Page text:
To set the camping scene, let’s talk about RV parks, called caravan parks, versus campgrounds—and the water, sewer and electric systems found at most locations. First of all, there are very few campgrounds in the national parks. The parks themselves sit on privately owned land and only a few have what we would consider campgrounds. So we most often found ourselves in caravan parks or on farm pitches. Contrary to rumours we had heard in the U.S., it is not acceptable to just camp anywhere you’d like in the U.K., and farmers who welcome caravans do so by providing actual pitches. More on that later.

To our delight, most caravan parks are quite lovely, with large, well-spaced pitches and good to excellent bathroom facilities, including hot showers and a separate sink area for vegetable preparation and dish washing. The pitches have electricity, but very few have water or sewer. If they do, they’re called full-service pitches. Hang around your caravan during the day and you will notice a lot of men, and a few women, pulling various barrels back and forth from the water/sewer facilities. They are either filling up their fresh water barrels or dumping their grey- or black-water cartridges. Yes, most motorhomes and caravans (travel trailers) over here utilize a cartridge system for their fresh water as well as their waste. Many have no fixed internal tanks.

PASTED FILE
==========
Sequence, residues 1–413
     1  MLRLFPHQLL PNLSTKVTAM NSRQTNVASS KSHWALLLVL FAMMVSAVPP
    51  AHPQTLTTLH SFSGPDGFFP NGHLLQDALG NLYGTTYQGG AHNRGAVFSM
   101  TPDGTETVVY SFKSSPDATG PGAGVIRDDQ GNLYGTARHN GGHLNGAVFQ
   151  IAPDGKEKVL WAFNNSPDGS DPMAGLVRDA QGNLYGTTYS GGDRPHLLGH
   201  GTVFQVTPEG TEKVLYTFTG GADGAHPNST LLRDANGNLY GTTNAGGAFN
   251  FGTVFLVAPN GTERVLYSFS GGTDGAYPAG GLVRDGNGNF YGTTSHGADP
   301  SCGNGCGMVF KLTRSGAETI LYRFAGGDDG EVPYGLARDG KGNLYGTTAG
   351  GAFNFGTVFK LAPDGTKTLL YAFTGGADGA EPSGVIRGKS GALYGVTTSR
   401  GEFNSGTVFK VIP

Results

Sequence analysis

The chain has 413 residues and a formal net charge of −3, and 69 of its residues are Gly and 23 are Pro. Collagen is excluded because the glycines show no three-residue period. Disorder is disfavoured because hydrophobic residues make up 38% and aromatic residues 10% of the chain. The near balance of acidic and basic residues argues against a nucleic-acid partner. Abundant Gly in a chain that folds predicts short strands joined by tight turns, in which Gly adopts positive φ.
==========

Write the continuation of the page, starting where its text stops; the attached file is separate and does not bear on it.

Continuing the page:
Robin Hood's Bay